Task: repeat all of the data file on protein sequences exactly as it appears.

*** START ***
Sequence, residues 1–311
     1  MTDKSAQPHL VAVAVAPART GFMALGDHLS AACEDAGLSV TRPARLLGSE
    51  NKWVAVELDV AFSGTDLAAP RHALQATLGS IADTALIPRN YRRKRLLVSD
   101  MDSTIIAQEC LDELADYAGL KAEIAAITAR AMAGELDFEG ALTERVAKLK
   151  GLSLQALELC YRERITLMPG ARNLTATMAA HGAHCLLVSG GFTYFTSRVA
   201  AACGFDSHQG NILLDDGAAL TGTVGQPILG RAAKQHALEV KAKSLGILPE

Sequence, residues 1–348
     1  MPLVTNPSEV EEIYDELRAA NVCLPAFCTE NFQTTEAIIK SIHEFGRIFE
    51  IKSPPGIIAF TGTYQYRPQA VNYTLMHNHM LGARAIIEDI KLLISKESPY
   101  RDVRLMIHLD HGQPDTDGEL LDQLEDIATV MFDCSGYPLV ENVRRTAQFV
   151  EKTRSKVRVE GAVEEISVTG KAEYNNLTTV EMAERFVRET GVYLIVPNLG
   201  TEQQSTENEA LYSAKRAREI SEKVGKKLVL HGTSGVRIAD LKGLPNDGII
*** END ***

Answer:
Sequence, residues 1–311
     1  MTDKSAQPHL VAVAVAPART GFMALGDHLS AACEDAGLSV TRPARLLGSE
    51  NKWVAVELDV AFSGTDLAAP RHALQATLGS IADTALIPRN YRRKRLLVSD
   101  MDSTIIAQEC LDELADYAGL KAEIAAITAR AMAGELDFEG ALTERVAKLK
   151  GLSLQALELC YRERITLMPG ARNLTATMAA HGAHCLLVSG GFTYFTSRVA
   201  AACGFDSHQG NILLDDGAAL TGTVGQPILG RAAKQHALEV KAKSLGILPE

Sequence, residues 1–348
     1  MPLVTNPSEV EEIYDELRAA NVCLPAFCTE NFQTTEAIIK SIHEFGRIFE
    51  IKSPPGIIAF TGTYQYRPQA VNYTLMHNHM LGARAIIEDI KLLISKESPY
   101  RDVRLMIHLD HGQPDTDGEL LDQLEDIATV MFDCSGYPLV ENVRRTAQFV
   151  EKTRSKVRVE GAVEEISVTG KAEYNNLTTV EMAERFVRET GVYLIVPNLG
   201  TEQQSTENEA LYSAKRAREI SEKVGKKLVL HGTSGVRIAD LKGLPNDGII